As the new year ticked over I promised myself that this year I would pay more attention to my wine blog. As I write, we’re on the cusp of 1 June – not technically at the half year mark, but so close that the lack of posts appals me.
While there’s no excuse, the irony is that this year, while blogging has been relatively neglected, I feel like I’ve done a lot of writing. Not much of it has been about food and wine, and none in print (the Rioja article in the current James Halliday’s Wine Companion Magazine was written last year – but do go out and buy, read, enjoy). So while writing is not difficult, or even necessarily time consuming, finding some sacrosanct moments when I can think (so not after a full day writing microcontroller code, I can tell you!) has been tricky.
One of my wine drinking aims is to find those wines which punch above their weight. A bottle which costs $50+ and has been cellared carefully for the optimum amount of time blah blah blah should bloody well taste good. But the fun in wine drinking is finding those bottles that are sub $20 that you’d be more than happy to have three of (not in one hit – responsible drinking please!) to every $50 bottle. Yes, you do have to kiss a few frogs but I’d rather burn $20 on a frog than $50.
If you’re interested in wine, you end up reading lots of lists and, in my case, promptly forgetting them, meaning that visits to wine shops are pretty haphazard, but not truly random, affairs. Because I tend towards the esoteric, I’ve created my own list of “wines to try” that (hopefully) will mean I try wines that are more commercially approachable, as well the offbeat. Don’t worry – only this evening I picked up a Kangaroo Island Saperavi, so there will be quirky too.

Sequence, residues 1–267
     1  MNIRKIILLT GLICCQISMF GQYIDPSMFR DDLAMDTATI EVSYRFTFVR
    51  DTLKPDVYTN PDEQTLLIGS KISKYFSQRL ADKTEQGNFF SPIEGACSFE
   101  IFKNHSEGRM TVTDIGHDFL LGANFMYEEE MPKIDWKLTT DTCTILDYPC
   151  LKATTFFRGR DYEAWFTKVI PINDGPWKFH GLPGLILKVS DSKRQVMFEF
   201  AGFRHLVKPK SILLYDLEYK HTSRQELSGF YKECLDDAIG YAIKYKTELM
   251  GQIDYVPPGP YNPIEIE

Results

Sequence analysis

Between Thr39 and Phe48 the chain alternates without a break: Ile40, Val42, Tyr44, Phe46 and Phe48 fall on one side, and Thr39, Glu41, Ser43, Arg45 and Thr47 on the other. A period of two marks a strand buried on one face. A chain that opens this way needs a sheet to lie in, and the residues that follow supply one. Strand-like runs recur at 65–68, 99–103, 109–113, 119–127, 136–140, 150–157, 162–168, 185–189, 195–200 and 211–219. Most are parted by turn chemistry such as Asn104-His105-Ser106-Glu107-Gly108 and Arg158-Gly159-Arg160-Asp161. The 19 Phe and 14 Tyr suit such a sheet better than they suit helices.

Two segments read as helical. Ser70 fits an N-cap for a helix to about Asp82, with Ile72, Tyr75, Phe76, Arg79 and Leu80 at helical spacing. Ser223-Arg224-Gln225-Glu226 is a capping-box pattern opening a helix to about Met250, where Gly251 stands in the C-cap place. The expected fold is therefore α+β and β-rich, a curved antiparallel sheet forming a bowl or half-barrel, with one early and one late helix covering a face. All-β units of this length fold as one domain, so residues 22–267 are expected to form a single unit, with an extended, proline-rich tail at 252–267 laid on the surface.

Anyway, the other night, Andy was heading home from work via Dan’s and I was able to make immediate use of my newly created list and put in my order for the Evans & Tate Metricup Road Cabernet Merlot 2012 (my first pick was the Shiraz which was out of stock). Dan’s will sell it to you for $18 a bottle ($17 if you’re buying six or more).
Evans & Tate, now part of the McWilliams group, is based in Western Australia’s Margaret River. Margaret River has a climate similar to Bordeaux, and both are home to some of the world’s great Cabernet Sauvignon based wines. Cab Sav is often blended with Merlot: Merlot can soften Cab Sav’s tannins, balance the palate (the palate of CS is often described as a doughnut, with Merlot being the filling of the hole) and make the wine much more approachable at a younger age.
At $18 a bottle, I’d hope you wouldn’t be planning on cellaring a bottle of the Evans & Tate Metricup Road. Which is fine, because straight of the shelf and into the glass it is a wine that over delivers.
It is dense purple in the glass (yep, it’s young!) and on the second day (when I wrote the tasting note) the really over cassis notes of the first day had dropped away slightly. There was still cassis (blackcurrant) with black plum, a hint of licorice, some smoke and undergrowth.
The palate matches this: a lot of fresh black fruit – including blackcurrant, with good acidity and reasonably firm tannins. While you notice the tannins they’re not grippy or mouth puckering. There’s also a hint of licorice and chocolate.
The length of the wine is not bad at all and what does impress is the fact that the 14.5% alcohol doesn’t stick out like a sore thumb.
This is a textbook wine. You probably wouldn’t get excited if you spent over $30 but at the sub $20 mark it over delivers. It’s well balanced and typical Cabernet Merlot but lacks the complexity you might expect of a pricier wine. But it’s not a pricier wine – it’s one I found approachable, pleasantly surprising and definitely delivering on bang for buck.
Drink with a protein rich mid-week dinner. A steak, lamb chop or even a pizza won’t be amiss.
$18 from Dan Murphy’s, Pasadena.